Men Heart Sports

heartMargaret Wente’s G&M article “Watching men watching sports” suggests that men experience sports far more fanatically than women and that sports is an arena for men to bond and engage with other men. True, some men love their sports and the loyalty, joy and agony some men experience through their team, and its wins and losses, is unparalleled with any other relationship. However, women can also be fanatic. While 3 men died of heart attacks during the 2014 FIFA World Cup, in 2006 during theWorld Cup in Germany, the New England Medical Journal examined heart attack trends among Germans during the tournament, compared to other times of the year. On the days Germany played, heart attacks tripled for men and nearly doubled for women. For a fan to put their own “life on the line” for a game is excessive, but playing and watching sports is indeed an avenue for men in particular to make contact both physically and emotionally with other men. And it is not just about expressing and releasing aggression, exhibiting strength and taking risks; there is also a softness to sports that we also admire. Those who are technically skilled, sportsmanlike and conquer a personal story seem to capture our hearts and stand out as even greater role models than others. Cooperating and competing with others allows one to bear witness to the successes and failures of other men and to ultimately share common experiences. These interactions and the universality of sport strengthens bonds between men and increases the chances of other kinds of social exchange.

When conversations about our health and mental health matter most, we believe that friendships created through sport makes these conversations possible. Shoulders are not just for checking; they were also designed for one to lean on.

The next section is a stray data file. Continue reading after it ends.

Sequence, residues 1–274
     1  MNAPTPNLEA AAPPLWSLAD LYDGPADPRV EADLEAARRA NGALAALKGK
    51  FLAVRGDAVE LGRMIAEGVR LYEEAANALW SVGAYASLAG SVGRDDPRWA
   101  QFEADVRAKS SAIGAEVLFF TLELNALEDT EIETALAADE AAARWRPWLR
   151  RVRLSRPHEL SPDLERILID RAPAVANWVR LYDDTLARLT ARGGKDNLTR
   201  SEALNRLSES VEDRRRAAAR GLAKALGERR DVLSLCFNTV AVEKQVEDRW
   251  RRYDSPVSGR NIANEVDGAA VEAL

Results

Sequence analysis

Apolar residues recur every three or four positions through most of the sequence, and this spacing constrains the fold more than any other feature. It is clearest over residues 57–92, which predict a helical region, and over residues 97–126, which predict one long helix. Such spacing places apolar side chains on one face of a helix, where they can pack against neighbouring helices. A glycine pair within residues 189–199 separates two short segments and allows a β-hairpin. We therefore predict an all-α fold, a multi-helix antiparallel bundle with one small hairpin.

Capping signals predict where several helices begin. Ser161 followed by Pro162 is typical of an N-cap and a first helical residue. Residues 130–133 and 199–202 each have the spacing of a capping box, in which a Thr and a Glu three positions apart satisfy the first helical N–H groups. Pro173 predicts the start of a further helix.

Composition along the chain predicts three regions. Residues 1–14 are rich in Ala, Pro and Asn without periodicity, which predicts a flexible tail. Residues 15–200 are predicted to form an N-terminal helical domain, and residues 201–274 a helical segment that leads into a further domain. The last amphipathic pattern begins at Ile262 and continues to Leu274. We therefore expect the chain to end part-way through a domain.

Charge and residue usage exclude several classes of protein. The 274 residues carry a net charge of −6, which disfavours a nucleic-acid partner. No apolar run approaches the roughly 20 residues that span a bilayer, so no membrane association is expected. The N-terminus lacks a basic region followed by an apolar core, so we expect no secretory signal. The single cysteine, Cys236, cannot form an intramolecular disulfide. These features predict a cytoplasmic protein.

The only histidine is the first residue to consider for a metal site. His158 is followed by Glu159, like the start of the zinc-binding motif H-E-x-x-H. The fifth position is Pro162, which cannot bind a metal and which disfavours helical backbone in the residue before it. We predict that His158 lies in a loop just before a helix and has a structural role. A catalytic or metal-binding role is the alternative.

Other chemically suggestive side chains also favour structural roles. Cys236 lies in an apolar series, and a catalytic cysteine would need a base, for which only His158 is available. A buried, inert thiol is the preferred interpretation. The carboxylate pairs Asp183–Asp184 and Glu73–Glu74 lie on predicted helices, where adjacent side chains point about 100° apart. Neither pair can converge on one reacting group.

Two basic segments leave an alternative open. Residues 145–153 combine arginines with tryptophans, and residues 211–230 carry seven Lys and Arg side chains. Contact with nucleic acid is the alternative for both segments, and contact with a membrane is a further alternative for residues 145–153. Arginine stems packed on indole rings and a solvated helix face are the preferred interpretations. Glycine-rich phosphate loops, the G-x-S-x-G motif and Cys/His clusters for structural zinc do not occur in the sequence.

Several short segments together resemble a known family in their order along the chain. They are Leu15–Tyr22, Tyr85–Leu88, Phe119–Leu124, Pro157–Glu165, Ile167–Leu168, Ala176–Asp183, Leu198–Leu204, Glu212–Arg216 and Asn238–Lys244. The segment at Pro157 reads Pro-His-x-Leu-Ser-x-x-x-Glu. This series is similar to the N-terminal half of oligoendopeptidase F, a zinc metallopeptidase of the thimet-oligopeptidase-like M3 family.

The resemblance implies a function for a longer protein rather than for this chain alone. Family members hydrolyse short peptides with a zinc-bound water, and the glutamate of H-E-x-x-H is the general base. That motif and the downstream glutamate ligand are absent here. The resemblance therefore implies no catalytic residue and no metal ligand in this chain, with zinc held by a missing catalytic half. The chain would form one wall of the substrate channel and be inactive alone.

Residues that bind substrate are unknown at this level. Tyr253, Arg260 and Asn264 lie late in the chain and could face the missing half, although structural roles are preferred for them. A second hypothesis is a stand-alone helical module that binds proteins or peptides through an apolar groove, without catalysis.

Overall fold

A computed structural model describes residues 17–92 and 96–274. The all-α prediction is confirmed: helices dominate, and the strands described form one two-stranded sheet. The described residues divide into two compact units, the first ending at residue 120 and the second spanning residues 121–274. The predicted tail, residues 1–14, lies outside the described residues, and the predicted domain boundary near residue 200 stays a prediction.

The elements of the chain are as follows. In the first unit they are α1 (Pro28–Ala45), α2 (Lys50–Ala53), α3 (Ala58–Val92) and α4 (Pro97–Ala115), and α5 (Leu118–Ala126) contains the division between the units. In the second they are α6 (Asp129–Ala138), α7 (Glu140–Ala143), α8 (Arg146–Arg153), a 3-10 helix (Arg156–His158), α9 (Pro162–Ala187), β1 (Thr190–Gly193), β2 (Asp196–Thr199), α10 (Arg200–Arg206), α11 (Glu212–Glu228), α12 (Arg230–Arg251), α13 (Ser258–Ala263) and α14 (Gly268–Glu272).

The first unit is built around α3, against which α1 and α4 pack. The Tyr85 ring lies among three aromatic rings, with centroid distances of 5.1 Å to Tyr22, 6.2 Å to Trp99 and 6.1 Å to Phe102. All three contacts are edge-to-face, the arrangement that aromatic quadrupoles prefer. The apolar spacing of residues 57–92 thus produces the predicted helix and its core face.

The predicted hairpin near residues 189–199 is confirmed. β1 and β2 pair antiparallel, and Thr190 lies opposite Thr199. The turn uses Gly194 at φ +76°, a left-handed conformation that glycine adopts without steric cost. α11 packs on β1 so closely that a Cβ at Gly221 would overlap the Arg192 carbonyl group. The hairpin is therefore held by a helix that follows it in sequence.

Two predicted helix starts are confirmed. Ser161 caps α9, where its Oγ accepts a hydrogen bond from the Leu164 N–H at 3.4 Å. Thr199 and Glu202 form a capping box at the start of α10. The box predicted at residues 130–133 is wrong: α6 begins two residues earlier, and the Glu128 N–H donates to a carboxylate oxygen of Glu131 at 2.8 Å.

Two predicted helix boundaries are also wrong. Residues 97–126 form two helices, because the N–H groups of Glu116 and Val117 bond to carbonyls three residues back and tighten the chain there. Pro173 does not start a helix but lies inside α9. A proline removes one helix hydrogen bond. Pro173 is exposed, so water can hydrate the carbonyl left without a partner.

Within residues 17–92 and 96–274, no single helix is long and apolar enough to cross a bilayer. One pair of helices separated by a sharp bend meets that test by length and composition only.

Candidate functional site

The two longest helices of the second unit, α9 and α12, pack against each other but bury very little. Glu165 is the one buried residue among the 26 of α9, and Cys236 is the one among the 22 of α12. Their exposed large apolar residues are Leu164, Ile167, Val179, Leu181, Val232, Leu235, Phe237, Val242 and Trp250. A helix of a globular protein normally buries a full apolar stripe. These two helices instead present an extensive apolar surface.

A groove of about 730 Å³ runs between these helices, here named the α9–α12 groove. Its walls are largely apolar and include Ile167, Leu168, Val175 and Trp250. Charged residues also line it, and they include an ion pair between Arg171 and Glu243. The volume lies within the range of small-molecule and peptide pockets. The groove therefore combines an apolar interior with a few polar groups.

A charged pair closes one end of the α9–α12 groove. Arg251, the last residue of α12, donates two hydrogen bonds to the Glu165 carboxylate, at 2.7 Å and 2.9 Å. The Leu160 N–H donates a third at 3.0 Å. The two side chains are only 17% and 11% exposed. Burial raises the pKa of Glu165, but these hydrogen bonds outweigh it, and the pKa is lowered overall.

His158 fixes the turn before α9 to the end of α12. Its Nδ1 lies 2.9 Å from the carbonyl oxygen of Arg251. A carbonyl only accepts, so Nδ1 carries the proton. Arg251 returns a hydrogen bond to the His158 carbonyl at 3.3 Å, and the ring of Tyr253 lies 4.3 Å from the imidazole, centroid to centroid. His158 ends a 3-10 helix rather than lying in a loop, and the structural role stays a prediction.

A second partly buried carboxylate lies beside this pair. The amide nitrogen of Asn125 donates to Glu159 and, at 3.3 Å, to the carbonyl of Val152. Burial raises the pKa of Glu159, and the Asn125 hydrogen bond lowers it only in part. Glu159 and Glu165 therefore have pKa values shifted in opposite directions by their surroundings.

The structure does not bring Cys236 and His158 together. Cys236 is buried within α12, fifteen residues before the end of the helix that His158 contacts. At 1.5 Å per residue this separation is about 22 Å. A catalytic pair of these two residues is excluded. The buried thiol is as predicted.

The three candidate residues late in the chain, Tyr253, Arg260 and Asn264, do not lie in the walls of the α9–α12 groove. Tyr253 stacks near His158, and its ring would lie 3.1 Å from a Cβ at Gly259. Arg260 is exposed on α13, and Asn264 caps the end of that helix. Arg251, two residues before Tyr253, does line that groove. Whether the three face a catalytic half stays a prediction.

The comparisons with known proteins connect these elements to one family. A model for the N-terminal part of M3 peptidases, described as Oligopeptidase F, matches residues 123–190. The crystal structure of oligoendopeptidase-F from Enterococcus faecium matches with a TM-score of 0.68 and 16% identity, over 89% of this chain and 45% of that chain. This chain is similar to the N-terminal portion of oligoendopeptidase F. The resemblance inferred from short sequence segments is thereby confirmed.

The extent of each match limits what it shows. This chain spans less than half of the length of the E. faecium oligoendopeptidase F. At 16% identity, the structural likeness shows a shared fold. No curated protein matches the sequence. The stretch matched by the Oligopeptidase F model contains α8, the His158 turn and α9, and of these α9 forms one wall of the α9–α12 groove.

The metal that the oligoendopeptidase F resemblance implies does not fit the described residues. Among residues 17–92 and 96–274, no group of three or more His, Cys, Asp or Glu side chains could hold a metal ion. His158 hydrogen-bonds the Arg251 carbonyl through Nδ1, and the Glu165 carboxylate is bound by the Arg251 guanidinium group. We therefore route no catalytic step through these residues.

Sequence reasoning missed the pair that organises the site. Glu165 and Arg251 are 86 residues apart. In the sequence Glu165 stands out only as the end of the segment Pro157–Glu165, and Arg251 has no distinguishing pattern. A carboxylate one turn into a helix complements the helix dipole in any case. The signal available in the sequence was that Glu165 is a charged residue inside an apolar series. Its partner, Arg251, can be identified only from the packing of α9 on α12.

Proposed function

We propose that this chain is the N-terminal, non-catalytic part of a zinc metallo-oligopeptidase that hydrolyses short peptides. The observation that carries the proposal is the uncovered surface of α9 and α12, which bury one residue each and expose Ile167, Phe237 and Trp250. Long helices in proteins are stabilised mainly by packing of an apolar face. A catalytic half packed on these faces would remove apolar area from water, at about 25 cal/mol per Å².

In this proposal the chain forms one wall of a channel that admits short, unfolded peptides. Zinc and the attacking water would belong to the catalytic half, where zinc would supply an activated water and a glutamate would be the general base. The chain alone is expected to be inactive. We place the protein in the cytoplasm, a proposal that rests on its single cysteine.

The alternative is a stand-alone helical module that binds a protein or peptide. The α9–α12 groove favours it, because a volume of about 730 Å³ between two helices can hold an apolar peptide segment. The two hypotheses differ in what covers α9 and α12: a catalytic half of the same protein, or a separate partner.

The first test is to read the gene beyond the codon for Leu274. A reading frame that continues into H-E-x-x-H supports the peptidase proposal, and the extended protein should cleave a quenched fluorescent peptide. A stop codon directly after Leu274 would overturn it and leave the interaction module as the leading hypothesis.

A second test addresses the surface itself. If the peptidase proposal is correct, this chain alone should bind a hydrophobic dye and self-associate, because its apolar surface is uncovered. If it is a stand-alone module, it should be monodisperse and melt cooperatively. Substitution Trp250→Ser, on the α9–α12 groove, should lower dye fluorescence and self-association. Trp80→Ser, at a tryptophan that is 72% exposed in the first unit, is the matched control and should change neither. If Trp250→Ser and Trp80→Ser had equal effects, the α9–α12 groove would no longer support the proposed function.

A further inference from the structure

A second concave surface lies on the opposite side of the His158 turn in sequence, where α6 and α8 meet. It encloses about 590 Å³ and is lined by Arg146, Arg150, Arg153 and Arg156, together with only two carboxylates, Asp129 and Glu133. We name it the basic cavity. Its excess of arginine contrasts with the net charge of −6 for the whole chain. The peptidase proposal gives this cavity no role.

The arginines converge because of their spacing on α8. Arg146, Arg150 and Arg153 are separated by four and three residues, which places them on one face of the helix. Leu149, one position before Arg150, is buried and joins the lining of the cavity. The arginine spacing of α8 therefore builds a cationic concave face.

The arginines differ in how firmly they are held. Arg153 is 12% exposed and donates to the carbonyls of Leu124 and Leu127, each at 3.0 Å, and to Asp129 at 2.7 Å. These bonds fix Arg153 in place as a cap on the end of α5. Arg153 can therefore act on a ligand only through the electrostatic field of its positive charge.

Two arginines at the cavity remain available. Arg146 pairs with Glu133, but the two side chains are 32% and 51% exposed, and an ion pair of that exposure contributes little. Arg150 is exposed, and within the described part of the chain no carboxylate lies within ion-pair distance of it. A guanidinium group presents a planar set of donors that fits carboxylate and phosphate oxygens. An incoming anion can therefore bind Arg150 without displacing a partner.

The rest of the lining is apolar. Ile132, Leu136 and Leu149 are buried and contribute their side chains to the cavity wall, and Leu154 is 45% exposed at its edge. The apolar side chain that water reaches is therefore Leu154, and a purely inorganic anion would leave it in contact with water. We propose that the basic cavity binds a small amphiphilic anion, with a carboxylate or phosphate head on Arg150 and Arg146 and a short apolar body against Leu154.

More Than A Haircut

The Globe and Mail‘s story of Ontario Judge Donald McLeod is not just about a boy who grew up “in the projects” but also about a boy who grew up without a father. Luckily Donald had a strong and supportive mother; he also discovered a male role model and mentor in Mr. Lowenstein, a Bay Street Lawyer, which may have helped to change his course. Donald, who is now a father to a 10-year-old son, still seems baffled about their relationship and the presence they share in each others lives. Donald would not be the only Afro-Canadian to grow up without a present and involved father.

Justice McLeod notes that “Absent fathers are still a difficult issue in our community. It impacts a lot on young black men. In the criminal justice system, there are a lot of individuals who do not have their fathers present. It’s something that has to be addressed.”

In his swearing-in speech, Justice McLeod said he stood on the shoulders of other black judges, such as Justice Michael Tulloch, first black member of the Ontario Court of Appeal (an appointee of the Harper government). “And so now I add my shoulders to the conversation, and upon these shoulders the next and then the next.”

Afro-Carribean fathers are coming together, shoulder-to-shoulder, having conversations and supporting one another’s role as fathers. In Toronto, the Macaulay Child Development Centre partners with Barbers and Black community leaders to offer More than a Haircut: The Barbershop Project. The purpose of these discussions is to increase positive father involvement in children’s development.

All fathers are in need of more than just a haircut and we hope to support their mental health needs every step of the way.